The Glaucous-winged Gull, scientific name Larus glaucescens is a white, white-headed large marine bird from the genus name is from Latin Larus.
The ancient Greek, the specific glucensins for “glucus” from glucose, are New Latin. The English “glucus” refers to the azure green or gray color.
Scope and lifetime
The Glaucous-winged Gull is rarely found far from the sea. It lives on the coast of Washington off the west coast of Alaska.
Glaucous-winged Gull also breeds in the northwest coast of Alaska, in summer, and in the Russian Far East.
During the winter, they are found in California, Oregon, Baja California, Baja California Sur, and the coast of Sonora.
Glaucous-winged Gull often synthesizes with the western cheek resulting in detection problems, especially in the footage sound region.
This Glaucous-winged Gull species regularly breeds with Alaska herring gulls. Both hybrid combinations are analogous to Thayer's cheeks.
Glaucous-winged Gulls are estimated to last about 15 years, but some are chronic; For example, a bird in British Columbia lived for more than 21 years.
In the US state of Washington, lived for at least 22 years, 9 months for a British Columbia bird, although the longevity record is over 37 years. More.
Glaucous-winged Gull is very exceptionally obscure in the western Palearctic region, Morocco, the Canary Islands and, most recently, recorded from Ireland in February and March 26, 2016.
It was also recorded in Britain in 2006/217 and 23 / winter. The record was 20/26 at Cleveland's Salthalm Pool and attracted hundreds of Twitter.
This Glaucous-winged Gull is very large in size with a large bird, herring cheek, with it being a surface similar to that of the western gull, which is probably genetically related to it.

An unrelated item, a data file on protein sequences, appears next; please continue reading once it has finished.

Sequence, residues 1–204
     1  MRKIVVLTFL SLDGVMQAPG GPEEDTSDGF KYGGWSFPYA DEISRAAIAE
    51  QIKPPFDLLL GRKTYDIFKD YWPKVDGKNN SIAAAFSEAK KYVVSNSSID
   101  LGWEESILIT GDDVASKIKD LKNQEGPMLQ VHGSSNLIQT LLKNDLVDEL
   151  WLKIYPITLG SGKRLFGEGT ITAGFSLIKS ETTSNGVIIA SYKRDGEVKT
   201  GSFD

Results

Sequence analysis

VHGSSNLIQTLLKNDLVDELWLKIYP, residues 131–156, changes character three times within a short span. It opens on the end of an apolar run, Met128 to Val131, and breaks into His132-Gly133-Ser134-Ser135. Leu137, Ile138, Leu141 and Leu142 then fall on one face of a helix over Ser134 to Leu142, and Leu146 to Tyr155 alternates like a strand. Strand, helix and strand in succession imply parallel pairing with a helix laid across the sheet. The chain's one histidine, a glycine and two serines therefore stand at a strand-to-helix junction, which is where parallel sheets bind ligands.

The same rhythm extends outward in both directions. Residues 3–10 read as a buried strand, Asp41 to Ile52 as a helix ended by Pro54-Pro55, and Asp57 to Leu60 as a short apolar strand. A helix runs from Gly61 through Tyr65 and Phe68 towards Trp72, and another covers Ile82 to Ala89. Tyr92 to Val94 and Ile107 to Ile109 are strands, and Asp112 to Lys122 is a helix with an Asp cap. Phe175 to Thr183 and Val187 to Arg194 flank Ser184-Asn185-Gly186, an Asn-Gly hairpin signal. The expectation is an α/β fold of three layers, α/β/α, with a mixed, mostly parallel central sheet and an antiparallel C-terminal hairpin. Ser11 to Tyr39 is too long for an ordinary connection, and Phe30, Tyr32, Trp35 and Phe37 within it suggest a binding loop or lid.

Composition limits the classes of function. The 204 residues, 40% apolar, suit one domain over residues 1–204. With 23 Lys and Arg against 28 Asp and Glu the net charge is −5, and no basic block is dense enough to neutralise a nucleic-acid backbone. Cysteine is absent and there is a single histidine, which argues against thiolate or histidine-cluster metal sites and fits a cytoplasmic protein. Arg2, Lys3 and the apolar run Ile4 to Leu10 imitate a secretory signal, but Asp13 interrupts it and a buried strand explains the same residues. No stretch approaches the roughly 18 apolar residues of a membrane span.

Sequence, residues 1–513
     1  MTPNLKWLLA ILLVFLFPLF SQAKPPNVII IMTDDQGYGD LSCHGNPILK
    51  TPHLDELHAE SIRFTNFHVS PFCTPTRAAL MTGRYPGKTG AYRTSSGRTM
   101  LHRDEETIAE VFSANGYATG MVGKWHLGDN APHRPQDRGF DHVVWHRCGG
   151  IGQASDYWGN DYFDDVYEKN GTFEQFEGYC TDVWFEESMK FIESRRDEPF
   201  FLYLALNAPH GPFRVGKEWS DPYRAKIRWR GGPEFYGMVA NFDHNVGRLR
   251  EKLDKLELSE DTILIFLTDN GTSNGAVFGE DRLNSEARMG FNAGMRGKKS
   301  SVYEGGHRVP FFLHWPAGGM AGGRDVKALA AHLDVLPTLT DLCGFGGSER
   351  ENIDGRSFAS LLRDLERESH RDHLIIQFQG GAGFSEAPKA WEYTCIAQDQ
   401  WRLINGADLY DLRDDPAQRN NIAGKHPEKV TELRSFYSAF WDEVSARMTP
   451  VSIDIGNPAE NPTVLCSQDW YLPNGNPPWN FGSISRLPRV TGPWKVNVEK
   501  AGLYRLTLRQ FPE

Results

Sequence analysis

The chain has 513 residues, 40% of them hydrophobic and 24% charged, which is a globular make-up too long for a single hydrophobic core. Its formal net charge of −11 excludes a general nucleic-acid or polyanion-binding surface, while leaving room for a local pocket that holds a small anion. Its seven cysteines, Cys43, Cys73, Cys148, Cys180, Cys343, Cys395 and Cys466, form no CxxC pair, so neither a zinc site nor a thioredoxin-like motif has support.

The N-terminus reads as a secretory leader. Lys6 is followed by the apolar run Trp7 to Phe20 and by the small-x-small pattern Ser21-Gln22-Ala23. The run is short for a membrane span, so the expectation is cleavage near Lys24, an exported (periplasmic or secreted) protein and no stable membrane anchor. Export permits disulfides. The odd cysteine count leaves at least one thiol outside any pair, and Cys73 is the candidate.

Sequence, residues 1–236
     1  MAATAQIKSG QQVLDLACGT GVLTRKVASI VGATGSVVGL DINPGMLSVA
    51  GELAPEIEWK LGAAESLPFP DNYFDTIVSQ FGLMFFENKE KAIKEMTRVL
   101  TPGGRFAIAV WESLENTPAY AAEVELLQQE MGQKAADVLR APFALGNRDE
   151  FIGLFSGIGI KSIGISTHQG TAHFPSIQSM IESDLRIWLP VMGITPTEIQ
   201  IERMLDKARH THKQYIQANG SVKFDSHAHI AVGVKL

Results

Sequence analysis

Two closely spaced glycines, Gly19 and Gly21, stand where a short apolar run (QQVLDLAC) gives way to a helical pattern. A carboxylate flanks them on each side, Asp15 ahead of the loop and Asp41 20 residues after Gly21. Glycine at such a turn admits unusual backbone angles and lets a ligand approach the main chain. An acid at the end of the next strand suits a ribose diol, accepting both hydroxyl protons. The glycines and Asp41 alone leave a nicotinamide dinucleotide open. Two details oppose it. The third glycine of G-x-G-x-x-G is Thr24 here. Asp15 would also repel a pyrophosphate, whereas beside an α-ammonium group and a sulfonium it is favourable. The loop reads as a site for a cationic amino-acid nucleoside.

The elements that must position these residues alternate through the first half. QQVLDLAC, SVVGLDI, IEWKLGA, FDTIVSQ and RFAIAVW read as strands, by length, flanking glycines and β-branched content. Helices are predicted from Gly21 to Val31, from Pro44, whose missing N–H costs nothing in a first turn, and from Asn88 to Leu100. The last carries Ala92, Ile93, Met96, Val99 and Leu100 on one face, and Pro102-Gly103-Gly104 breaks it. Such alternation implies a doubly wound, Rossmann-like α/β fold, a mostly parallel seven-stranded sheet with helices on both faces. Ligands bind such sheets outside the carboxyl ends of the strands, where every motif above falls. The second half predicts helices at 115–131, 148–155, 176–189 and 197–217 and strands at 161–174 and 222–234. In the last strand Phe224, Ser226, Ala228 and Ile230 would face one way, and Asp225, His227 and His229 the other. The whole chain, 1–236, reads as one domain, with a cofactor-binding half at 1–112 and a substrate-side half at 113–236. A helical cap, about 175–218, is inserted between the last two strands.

Glaucous-winged Gull measures 50-68 cm (20-227 inches) in length and 120-150 cm (47-59 inches) in wingspan, with a physical mass of 730-11,690 grams (1.61-3.73 pounds). It weighs on average 1,010 grams (2.23 pounds).
In standard measurements, the wing cord of the Glaucous-winged Gull is 39.2 to 48 cm (15.4 to 18.9 inches), the bill 4.6 to 6.4 cm (1.8 to 2.5 inches), and the tarsus 5.8 to 7.8 cm (2.3). To 3.1 in) is.
Glaucous-winged Gull has a white head, neck, breasts and abdomen, a white tail and pearl-gray wings and back.
The edges of its wings are white-tip. Its legs are pink and the cheeks are yellow in color with a red subterminal spot (the place near the end of the billet that encloses the chests that encourage regular feeding).
The forehead of the Glaucous-winged Gull is somewhat flat. In winter, the head and nap appear in the dark and the epicenter becomes dark.
The young Glaucous-winged Gull is black or brown with black spots and take four years to reach the footsteps of adults.
Common large gulls in the Pacific Northwest, Glaucous-winged Gulls frequently hybridize with other gulls and often exhibit intermediate plumage properties.
In the non-breeding season, adult Glaucous-winged Gulls have a strong grayish-blue color cover (back and wings), a white tail and a white head brown.
The bill of the Glaucous-winged Gull is too big. The wings are gray or gray-black, not as deep as many flower species.
The underwings are white with a band of blue-gray. The legs are pink, and the cheeks are yellow with red spots.
The eyes of the Glaucous-winged Gull are dark brown, or rarely yellow. During the breeding season, the head is pure white and the eyelid pink in-ring.
Like Washington's other big cheeks, the Glaucous-winged Gull is a 'four-year flower', which can take four years for an adult to reach the plumage.
The teenager is brown with a dark eye and billows. This herd adapts and accepts the characteristics of adult Glaucous-winged Gull one year after another.
Detecting these faults can be confusing, so advanced field guides and experienced observer support are extremely useful for hybrid descriptions and fault detection.